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Forsyth County reports 430 new COVID-19 cases
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Forsyth County reports 430 new COVID-19 cases


Forsyth County and North Carolina have reached again new daily highs for COVID-19 cases, the N.C. Department of Health and Human Services reported Saturday.

The state is in the midst of an expected surge in cases and hospitalizations stemming from recent holiday social gatherings. It typically takes seven to 10 days for COVID-19 symptoms to appear.

DHHS reported 430 cases in Forsyth, a 22% jump compared with the previous daily high of 353 cases on Dec. 19. The overall total is 22,957 since mid-March

There was one additional COVID-19 related death of a Forsyth resident for an overall total of 235.

Meanwhile, statewide cases hit a new daily high of 11,581, up 11% from the previous high of 10,398 reported Thursday.

The statewide case count has been above 10,000 the past three reporting periods and is at 614,355 for the pandemic.

The statewide death count increased by 97 to an overall total of 7,425. DHHS reported 115 deaths Friday and a record 137 deaths Thursday.

DHHS lists COVID-19 cases and deaths on the day they are confirmed by medical providers and public health officials, so individuals may have been infected or died days before their cases are counted.

Gov. Roy Cooper announced Wednesday extending for three weeks a "modified stay at home" order that has acted as a statewide curfew since Dec. 11.

The 10 p.m. to 5 a.m. curfew now lasts through at least Jan. 29.

The order requires restaurants, bars, entertainment venues, personal care businesses and others to end all on-premises services at 10 p.m. Take-out, delivery, drive-thru and curbside services are permitted during the curfew hours.

The order also stops on-premises alcohol sales at 9 p.m., whether at a bar or restaurant, or by a vendor.

Dr. Mandy Cohen, the state's health secretary, issued Tuesday a COVID-19 pandemic secretarial order that she called "a stark advisory warning." She repeated the warning Friday.

She recommends that North Carolinians stay at home apart from going to work and to essential activities, such as getting groceries, getting health care or taking care of family members.

The order repeated warnings that people 65 and older and anyone at high risk for developing serious illness should avoid leaving home.

Hospitalization update

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The statewide hospitalization count was at 3,871 as of 11 a.m. Saturday, down 89 from the record high of 3,960 reported Friday.

The 17-county Triad region had 1,045 hospitalized COVID-19 patients as of Saturday's report, down 33 from the daily high of 1,078 reported Friday.

The region has had more COVID-19 hospitalizations than any other region in the state for the past 11 weeks.

The Charlotte region has the second-most with 983 COVID-19 hospitalizations.

David Priest, an infectious disease expert at Novant Health Inc., said Friday that one key area of concern is a 25% positive test rate in Novant's Triad and Charlotte markets over a seven-day rolling period.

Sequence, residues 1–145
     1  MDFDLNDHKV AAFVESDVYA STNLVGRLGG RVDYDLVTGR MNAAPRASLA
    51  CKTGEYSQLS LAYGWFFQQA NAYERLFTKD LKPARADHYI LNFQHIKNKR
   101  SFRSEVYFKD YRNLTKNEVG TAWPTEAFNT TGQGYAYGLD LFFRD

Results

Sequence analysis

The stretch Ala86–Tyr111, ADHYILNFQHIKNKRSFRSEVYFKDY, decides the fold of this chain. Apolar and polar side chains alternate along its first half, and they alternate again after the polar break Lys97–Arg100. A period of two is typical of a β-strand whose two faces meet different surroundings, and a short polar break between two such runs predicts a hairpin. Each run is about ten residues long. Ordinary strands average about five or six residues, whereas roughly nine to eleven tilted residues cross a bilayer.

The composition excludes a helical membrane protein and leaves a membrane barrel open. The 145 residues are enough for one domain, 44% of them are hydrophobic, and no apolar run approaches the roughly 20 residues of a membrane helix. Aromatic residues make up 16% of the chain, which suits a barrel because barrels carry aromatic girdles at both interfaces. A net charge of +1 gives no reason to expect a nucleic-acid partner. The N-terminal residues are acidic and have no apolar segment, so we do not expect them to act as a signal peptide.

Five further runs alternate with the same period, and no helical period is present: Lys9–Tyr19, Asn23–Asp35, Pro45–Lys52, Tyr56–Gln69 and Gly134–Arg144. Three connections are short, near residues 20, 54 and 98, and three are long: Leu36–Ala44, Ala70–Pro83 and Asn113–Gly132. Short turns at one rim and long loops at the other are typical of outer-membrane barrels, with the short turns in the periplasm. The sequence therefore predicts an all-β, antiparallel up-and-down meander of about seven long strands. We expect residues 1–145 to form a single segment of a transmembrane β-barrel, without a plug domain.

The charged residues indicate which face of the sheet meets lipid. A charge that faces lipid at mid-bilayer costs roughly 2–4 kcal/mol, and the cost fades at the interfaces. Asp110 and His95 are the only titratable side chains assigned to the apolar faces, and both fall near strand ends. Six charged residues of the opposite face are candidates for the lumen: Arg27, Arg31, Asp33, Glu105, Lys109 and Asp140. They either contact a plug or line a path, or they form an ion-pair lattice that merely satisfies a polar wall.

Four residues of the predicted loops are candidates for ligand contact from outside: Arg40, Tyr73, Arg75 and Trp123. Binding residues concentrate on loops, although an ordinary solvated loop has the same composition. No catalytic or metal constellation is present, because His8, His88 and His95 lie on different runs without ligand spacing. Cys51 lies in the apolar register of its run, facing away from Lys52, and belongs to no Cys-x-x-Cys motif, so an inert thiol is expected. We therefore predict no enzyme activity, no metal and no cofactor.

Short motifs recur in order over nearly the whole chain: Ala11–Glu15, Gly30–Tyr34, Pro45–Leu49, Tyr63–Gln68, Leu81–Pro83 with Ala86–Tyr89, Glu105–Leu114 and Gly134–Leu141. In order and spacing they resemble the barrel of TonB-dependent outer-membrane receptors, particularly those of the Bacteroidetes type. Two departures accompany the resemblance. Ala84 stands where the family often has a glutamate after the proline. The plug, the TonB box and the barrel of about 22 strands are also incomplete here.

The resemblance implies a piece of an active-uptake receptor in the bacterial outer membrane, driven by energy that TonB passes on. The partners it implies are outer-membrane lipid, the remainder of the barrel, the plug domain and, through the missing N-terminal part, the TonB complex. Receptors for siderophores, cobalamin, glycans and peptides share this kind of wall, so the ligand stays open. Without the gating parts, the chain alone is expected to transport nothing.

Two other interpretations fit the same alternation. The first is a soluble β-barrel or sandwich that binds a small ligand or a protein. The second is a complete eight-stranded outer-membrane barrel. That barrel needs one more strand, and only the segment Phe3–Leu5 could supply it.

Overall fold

DHHS reported Saturday a record 14.3% positivity rate for Forsyth out of about 1,500 tests conducted Thursday.

Statewide, there was a 14.8% positive rate out of a record 76,488 tests conducted Thursday — 71,125 of the molecular version and 5,363 of the antigen version. The record positive rate is 17.5% of the 25,882 tests conducted Monday.

Forsyth is on DHHS' list of 84 counties experiencing critical community spread of COVID-19 and color-coded red, the highest level on the state's county alert system.

The latest update, released Wednesday, also designated Alamance, Alleghany, Ashe, Davidson, Davie, Guilford, Randolph, Rockingham, Stokes, Surry, Wilkes and Yadkin as counties with critical spread.

Listed among 12 counties with substantial community spread — color-coded in orange — is Watauga.

The surge in COVID-19 cases appears likely to continue into March, according to two local infectious disease experts this week.

"We don't know the answer to when this will peak," Priest said Friday. "A lot of factors will go into it.

"How well we protect ourselves and our families and our communities in terms of exposure to group settings."

The projection from Cohen is that the majority of North Carolinians will not receive their first vaccine dose until late March or early April, and that it will take several months for everyone who wants to be vaccinated to get both doses.

The vaccine plan could change with a new presidential administration. President-elect Joe Biden will speed up release of first vaccine doses to protect more people, his office said Friday, a reversal of Trump administration policies that held back doses to ensure a supply for the required second shots.

Vaccinations are limited currently in N.C. to individuals in the Phase 1A and first subgroup of Phase 1B, which are individuals ages 75 and over.

The current Phase 1A distribution is for health care workers caring for patients with COVID-19, individuals who are at the highest risk of being hospitalized or dying, and those at high risk of exposure to COVID-19.

According to DHHS' COVID-19 dashboard, 151,902 North Carolinians have received their first vaccine dose as of 11 a.m. Friday. Of those totals, 9,115 have received both doses.

Forsyth has had 245 individuals receiving both doses and 9,499 individuals with one dose.



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